Men with erectile dysfunction are TWICE as likely to have a heart attack

Men with erectile dysfunction face twice the risk of having a heart attack, cardiac arrest or stroke, a study has found.

Doctors today warned that trouble getting or keeping an erection should prompt men to immediately seek help.

ED, which can be triggered by high blood pressure and cholesterol, strikes one in ten men at some point in their lives. 

Impotence is a better indicator of the world’s leading killer than other risk factors, such as high cholesterol or blood pressure, researchers now claim.

Doctors today warned that trouble getting or keeping an erection should prompt men to immediately seek help

The findings, derived from nearly 2,000 men, back up an array of evidence in recent years that has shown a link between ED and heart disease.

But the results of the new study provide the strongest indication to date that it can be a tell-tale sign of a heightened cardiovascular risk. 

Johns Hopkins School of Medicine scientists followed 1,900 men over four years for the new trial. Volunteers were aged between 60 and 78.

During the follow-up, there were a total of 115 heart attacks, strokes, cardiac arrests and sudden cardiac deaths. 

A greater proportion of men who reported ED (6.3 per cent) suffered heart attacks, cardiac arrests or strokes than men who didn’t report it (2.6 per cent).

When the researchers adjusted their analysis to eliminate the potential influence of other risk factors, that risk was lessened but still markedly higher.

The study, published in the journal Circulation, found men with ED were nearly twice as likely to suffer a heart attack or stroke than other men.


Erectile dysfunction, also known as impotence, is when a man is unable to get or maintain an erection.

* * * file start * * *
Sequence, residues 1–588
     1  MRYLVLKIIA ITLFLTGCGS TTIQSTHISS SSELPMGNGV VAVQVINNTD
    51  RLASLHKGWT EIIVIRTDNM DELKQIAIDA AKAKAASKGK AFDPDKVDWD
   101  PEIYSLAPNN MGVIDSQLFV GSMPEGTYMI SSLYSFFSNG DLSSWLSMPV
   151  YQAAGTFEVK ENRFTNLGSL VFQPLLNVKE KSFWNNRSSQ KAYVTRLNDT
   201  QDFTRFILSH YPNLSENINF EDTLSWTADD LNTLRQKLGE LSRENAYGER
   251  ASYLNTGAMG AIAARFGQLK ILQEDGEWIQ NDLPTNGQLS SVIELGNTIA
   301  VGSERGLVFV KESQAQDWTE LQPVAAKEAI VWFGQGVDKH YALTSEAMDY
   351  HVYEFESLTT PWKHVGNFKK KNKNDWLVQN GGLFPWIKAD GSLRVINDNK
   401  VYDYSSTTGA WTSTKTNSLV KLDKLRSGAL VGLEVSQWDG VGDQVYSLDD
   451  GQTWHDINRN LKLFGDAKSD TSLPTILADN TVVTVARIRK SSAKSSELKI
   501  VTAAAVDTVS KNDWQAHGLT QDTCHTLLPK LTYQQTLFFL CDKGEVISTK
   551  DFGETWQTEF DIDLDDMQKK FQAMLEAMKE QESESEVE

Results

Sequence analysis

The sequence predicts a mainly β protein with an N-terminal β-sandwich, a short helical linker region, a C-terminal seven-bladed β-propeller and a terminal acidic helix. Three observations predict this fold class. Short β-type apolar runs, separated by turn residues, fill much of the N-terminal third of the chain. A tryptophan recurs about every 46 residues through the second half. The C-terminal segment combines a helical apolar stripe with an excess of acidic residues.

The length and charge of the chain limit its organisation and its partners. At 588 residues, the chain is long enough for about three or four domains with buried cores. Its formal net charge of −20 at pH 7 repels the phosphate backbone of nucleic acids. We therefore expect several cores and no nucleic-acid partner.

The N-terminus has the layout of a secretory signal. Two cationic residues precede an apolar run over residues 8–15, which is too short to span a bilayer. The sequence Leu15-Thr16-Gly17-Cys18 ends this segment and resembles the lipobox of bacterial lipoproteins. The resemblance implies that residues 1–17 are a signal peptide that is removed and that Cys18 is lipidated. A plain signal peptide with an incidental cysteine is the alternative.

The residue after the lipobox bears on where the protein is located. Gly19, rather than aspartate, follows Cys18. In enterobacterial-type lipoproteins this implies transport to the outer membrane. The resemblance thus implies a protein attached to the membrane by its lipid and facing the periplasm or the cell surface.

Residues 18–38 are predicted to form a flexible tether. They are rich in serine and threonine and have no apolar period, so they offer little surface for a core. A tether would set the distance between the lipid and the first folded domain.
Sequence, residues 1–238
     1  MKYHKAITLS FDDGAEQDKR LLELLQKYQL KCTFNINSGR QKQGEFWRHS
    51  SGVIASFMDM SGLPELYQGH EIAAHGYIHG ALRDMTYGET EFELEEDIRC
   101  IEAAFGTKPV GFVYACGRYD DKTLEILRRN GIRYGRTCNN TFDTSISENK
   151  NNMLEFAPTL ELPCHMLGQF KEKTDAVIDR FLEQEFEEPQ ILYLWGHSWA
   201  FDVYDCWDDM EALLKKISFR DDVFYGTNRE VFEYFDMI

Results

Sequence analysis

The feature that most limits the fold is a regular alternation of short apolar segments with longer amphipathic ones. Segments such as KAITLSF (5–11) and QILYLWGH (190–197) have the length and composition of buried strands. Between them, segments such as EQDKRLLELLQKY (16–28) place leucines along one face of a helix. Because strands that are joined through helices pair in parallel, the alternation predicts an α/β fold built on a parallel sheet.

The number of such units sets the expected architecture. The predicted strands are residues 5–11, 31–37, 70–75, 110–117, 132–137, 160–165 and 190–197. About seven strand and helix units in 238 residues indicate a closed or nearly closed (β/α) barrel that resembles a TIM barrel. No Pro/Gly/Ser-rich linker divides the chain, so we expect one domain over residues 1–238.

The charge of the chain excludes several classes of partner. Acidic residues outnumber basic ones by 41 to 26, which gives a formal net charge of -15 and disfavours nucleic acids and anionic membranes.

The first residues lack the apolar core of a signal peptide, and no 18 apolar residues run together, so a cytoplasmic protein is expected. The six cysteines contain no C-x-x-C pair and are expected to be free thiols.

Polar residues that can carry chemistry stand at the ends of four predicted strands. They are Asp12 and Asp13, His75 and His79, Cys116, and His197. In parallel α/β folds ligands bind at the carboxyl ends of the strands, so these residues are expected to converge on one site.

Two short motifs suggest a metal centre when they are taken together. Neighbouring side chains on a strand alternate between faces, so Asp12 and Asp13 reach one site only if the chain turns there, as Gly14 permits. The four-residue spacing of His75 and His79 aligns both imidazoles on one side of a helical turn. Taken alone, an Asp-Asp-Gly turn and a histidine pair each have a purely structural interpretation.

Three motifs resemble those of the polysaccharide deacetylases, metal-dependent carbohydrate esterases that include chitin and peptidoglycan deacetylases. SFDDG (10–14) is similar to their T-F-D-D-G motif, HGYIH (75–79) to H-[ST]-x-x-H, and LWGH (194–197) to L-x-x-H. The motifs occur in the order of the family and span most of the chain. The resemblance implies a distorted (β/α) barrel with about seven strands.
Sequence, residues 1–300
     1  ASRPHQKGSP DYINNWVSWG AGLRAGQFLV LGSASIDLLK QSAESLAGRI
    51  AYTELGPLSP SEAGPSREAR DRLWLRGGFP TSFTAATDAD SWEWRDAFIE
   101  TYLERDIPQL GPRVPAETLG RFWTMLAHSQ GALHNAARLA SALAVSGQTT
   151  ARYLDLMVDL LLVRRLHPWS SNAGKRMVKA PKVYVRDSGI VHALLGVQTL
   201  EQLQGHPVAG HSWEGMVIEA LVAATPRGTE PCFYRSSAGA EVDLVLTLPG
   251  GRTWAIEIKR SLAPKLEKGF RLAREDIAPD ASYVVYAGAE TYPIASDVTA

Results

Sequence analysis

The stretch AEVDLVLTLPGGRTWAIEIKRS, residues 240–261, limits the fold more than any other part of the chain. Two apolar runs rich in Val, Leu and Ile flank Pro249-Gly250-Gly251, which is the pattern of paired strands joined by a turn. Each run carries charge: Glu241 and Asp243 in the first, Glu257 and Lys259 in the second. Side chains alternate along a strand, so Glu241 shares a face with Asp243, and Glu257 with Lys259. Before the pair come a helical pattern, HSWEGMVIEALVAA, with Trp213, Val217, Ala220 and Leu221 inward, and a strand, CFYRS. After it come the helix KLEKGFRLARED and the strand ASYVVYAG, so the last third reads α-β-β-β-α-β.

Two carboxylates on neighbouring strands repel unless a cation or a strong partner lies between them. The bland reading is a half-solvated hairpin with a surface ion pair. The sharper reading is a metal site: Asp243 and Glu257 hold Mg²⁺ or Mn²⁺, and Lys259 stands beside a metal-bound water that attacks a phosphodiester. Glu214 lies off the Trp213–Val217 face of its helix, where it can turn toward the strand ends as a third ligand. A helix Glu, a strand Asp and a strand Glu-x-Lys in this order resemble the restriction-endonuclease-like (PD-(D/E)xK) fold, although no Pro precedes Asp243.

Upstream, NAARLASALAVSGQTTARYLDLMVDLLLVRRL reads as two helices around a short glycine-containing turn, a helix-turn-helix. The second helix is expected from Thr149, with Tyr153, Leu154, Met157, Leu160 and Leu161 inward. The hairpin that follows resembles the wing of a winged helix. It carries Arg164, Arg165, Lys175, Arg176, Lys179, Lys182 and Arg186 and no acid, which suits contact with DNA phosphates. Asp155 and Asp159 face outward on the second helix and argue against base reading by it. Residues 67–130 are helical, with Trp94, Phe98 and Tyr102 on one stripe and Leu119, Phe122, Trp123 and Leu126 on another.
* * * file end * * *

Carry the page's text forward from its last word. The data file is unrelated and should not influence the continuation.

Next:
It is more common in the over-40s but affects men of all ages.

Failure to stay erect is usually due to tiredness, stress, anxiety or alcohol, and is not a cause for concern.

However, it can be a sign of an underlying medical condition such as high blood pressure or cholesterol, side effects of medication, or hormonal issues.

Lifestyle factors than can affect the condition include obesity, smoking, cycling too much, drinking too much, and stress. 

Source: NHS Choices 

Dr Michael Blaha, study author, said: ‘Our results reveal that ED is, in and of itself, a potent predictor of cardiovascular risk.

‘Our findings suggest that clinicians should perform further targeted screening in men with ED, regardless of other cardiac risk factors and should consider managing any other risk factors – such as high blood pressure or cholesterol – that much more aggressively.’ 

Dr Blaha added that men seeking treatment and evaluation for ED should be a signal to conduct a comprehensive cardiovascular evaluation. 

He said: ‘The onset of ED should prompt men to seek comprehensive cardiovascular risk evaluation from a preventive cardiologist.

‘It is incredible how many men avoid the doctor and ignore early signs of cardiovascular disease, but present for the first time with a chief complaint of ED.

‘This is a wonderful opportunity to identify otherwise undetected high-risk cases.’  

Health officials in the UK last year incorporated ED in the risk-scoring algorithm used by doctors to assess a patient’s 10-year cardiovascular risk. 

Heart disease, often caused by high blood pressure, high cholesterol and being obese, killed 8.76 million people across the world in 2015

The condition shares several common risk factors with ED, including obesity, hypertension, smoking and diabetes.